The June credit figure, according to official data released July 15, followed a sharp hike in formal bank lending between April and May, suggesting that recent government efforts to increase the state-owned banking sector's share of nationwide financing are on course. It is difficult to overstate the scale and intensity of the transformation undergone by China's financial system since the 2008 global financial crisis, which compelled the Chinese government to embark on what now looks likely to become a decadelong (or longer) stimulus drive. In 2007, state banks issued 3.6 trillion yuan worth of new loans. Their lending has since increased each year, reaching 11 trillion yuan in 2015. Meanwhile, total social financing — encompassing state-controlled and informal loans — ballooned to 15.9 trillion yuan last year. Outstanding local government debts remain at manageable levels, but corporate debt, much of which does not enjoy the state's backing against default, equals more than 175 percent of China's national economic output. Officially, only 1.75 percent of total outstanding loans are considered nonperforming, or likely to be defaulted on. Most independent analysts, however, expect the genuine nonperforming loan rate to be much higher.
Shifting a New Paradigm
The explanation for this surge in credit and investment is remarkably straightforward. But the solutions to the many problems it has generated for China's long-term economic health are not. The credit boom began as a response to the collapse in demand for Chinese goods in 2007. It was aimed primarily at shoring up employment by expanding infrastructure construction, and secondarily at industrializing China's largely rural interior. But what was intended as a temporary emergency response soon morphed into a new paradigm for the Chinese economy, thanks in part to prolonged weakness in demand for goods and to a political structure that encouraged unchecked growth. For nearly a decade, credit and investment have buttressed Chinese economic (and, in turn, social and political) stability, emerging as the mainstays of the country's gross domestic product — equal to 44 percent in 2014 — and as the principal drivers of employment, especially in China's less developed inland regions. During that time, questions of credit — who can extend it, who can take it on as debt, how it is spent, and how it is repaid — have come to determine the architecture of China's political economy.
For each of these questions, the past year or so has brought noteworthy developments. For example, after seeing their share of aggregate financing dip between 2011 and 2013, yuan-denominated loans, virtually all of which originate in state-owned banks, have steadily regained their former primacy in the Chinese financial system. At the same time, many forms of nongovernmental or informal financing that rose in prominence during waves of tighter government credit controls have gradually declined in importance. The result is that as China's economic slowdown deepens, an ever-greater share of outstanding debts, including a growing mountain of bad debts, will fall under the purview of the country's major state-controlled banks. Piling those debts onto the state's balance sheet entails risks, especially if defaults rise. But for Beijing, the risks of a financial crisis among informal and shadow lenders beyond the state's control would be far greater. A crisis that China's leaders can measure and trace is better, in Beijing's view, than one in which the government is batting blind.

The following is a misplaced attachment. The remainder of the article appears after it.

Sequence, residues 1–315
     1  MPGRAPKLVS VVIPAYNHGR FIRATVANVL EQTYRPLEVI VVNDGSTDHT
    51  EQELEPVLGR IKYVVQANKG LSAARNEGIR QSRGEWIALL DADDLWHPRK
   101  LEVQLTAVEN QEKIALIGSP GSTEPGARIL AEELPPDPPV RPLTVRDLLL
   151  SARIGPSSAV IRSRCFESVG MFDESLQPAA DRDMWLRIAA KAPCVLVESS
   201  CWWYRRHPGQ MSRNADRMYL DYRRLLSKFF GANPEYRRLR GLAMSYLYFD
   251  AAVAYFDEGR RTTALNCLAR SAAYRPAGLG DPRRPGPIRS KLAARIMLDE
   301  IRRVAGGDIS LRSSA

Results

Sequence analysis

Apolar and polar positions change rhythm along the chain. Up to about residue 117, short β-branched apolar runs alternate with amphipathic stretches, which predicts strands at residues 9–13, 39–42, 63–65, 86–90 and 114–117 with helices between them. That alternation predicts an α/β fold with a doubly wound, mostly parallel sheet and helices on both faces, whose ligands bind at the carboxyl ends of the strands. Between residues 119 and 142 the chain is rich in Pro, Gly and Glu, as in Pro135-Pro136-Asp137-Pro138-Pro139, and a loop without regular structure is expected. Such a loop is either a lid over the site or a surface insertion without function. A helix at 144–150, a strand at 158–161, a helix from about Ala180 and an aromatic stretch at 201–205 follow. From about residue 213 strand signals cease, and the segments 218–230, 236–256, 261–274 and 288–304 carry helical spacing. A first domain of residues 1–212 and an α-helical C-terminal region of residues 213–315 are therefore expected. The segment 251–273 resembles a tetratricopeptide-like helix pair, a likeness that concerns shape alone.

Tools to Manage a Crisis
Another important change in recent years involves the creation of municipal bond markets and the expansion of a debt swap program that allows localities to trade costly, fast-maturing outstanding loans for cheaper, slower-maturing bonds. The program reduces the risk of local government debt defaults in the near term by pushing back the maturity date for outstanding debts and lowering borrowing costs. In addition, it marks a first step toward giving local governments greater autonomy (and responsibility) over financing and making the process by which local governments raise capital more transparent and easier to measure. Local governments in China pay for upward of 90 percent of all infrastructure construction while taking home a much smaller fraction of tax revenue. In the past, local governments covered the cost through a combination of land sales and loans taken out on their behalf by poorly regulated private entities called local government financing vehicles. In 2015, after the rise of bond markets, local governments issued bonds worth 3.5 trillion yuan, nearly all of which took the form of debt swaps that cut local government interest payments by some 200 billion yuan, according to a government report released in March. The government plans to expand municipal bond issuance to as much as 6 trillion yuan by 2017 and 15 trillion yuan before 2020.
Neither those changes nor other ones underway in China's financial system amount to the broad and ambitious reforms long promised by the country's leadership. These are tools for managing a crisis, not reconfiguring an economy. As such, they are sure to disappoint observers in and outside China who hoped that President Xi Jinping would move boldly to reduce the economy's dependence on the state. But given the scale of debt accumulated during the struggle to maintain macroeconomic stability in the past eight years, and considering the complex knot of political interests that exacerbated the excesses of that period, the financial tools and the policy approach they represent are reasonable and unsurprising. After all, their goal is not to produce a "rational" economy per se, but to preserve the state, even if doing so means accruing innumerable and perhaps insurmountable economic "irrationalities" in the meantime.